Tom Lane wrote:
 Also, I tentatively reduced the threshold
at which heapscans switch to ring mode to NBuffers/16; that probably
needs more thought.

Yeah. One scenario where threshold < shared_buffers will hurt is if your shared_buffers >= RAM size / 2. In that scenario, a scan on a table that would barely fit in shared_buffers, will use the ring instead and not fit in the OS cache either. Which means that repeatedly scanning that table will do physical I/O with the patch, but not without it.

"swappiness", using linux terms, also makes a difference. When I started testing the patch, I saw unexpectedly high gains from the patch with the following configuration:
- RAM size 4 GB
- shared_buffers 1 GB
- table size 3GB

Without the patch, the table wouldn't fit in shared_buffers, and also wouldn't fit in the OS cache, so repeatedly scanning the table always read the table physically from disk, and it took ~20 seconds. With the patch, however, the ring only actively used a few pages from shared_buffers, and the kernel swapped out the rest. Thanks to that, there was more than 3GB of RAM available for OS caching, the table fit completely in the OS cache, and the query took < 2 seconds. It took me quite a while to figure out what's going on.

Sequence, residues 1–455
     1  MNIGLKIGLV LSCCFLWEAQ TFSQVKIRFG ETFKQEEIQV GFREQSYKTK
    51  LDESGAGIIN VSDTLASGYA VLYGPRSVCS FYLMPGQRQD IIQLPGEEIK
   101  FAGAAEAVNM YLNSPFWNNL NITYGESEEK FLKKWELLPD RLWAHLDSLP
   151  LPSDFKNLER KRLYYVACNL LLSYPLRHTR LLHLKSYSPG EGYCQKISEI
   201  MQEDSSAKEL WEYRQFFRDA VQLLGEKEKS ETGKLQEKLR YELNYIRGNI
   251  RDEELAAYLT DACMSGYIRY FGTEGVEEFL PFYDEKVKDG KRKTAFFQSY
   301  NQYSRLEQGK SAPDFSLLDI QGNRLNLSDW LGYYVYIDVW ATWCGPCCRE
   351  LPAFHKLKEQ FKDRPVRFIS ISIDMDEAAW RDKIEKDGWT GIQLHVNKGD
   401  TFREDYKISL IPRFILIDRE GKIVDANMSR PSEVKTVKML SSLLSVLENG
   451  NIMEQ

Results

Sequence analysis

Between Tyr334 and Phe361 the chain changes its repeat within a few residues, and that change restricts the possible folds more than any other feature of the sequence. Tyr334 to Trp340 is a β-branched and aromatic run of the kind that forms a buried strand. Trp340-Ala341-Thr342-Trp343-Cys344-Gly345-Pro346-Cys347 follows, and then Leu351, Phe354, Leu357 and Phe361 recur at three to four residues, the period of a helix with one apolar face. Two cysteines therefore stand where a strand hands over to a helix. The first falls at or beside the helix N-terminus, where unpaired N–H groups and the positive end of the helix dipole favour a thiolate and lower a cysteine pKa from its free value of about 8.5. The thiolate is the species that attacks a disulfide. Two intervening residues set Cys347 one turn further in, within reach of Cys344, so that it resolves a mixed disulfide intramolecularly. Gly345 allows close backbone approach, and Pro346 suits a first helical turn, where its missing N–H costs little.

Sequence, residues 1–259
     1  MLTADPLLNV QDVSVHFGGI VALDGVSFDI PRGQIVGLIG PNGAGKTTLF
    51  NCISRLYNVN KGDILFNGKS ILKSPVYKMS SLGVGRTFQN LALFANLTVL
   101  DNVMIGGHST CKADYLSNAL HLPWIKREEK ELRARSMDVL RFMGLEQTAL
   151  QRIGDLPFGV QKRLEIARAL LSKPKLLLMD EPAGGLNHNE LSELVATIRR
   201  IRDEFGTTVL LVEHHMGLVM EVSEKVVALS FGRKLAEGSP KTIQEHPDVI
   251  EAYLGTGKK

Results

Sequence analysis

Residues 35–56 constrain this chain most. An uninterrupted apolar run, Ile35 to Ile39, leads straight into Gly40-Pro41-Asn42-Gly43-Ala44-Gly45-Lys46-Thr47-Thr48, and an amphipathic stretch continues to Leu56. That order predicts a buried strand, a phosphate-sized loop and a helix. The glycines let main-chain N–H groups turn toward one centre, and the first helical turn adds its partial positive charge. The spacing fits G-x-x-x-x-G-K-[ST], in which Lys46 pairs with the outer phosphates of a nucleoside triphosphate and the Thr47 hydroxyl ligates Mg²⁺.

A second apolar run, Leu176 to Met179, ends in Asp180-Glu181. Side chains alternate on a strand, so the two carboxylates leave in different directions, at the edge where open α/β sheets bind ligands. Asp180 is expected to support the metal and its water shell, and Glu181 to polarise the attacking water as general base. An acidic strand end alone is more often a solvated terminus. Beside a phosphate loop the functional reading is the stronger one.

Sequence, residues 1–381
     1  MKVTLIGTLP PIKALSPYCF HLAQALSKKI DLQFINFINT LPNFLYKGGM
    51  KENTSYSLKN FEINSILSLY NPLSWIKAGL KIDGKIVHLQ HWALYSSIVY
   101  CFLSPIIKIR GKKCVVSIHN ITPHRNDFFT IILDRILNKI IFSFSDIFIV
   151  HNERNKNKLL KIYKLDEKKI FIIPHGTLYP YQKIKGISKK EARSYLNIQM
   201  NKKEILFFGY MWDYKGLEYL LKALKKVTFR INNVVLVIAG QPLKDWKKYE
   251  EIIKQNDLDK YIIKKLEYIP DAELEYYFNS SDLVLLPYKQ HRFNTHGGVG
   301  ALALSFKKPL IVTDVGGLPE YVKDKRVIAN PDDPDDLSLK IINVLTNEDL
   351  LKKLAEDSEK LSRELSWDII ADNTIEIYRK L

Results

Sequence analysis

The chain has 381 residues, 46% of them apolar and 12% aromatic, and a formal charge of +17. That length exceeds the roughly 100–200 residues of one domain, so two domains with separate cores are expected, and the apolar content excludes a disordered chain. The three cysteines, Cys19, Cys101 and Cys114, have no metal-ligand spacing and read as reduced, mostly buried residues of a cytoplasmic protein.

Lastly, I haven't done anything about making
non-btree indexes honor the access strategy during VACUUM scans.

Also there's no attempt to not inflate usage_count, which means that synchronized scans will spoil the buffer cache as if we didn't have the buffer ring patch. If there's no easy solution, I think we could live with that, but Greg's suggestion of bumping the usage_count in PinBuffer instead of UnpinBuffer sounds like a nice solution to me.

  Heikki Linnakangas

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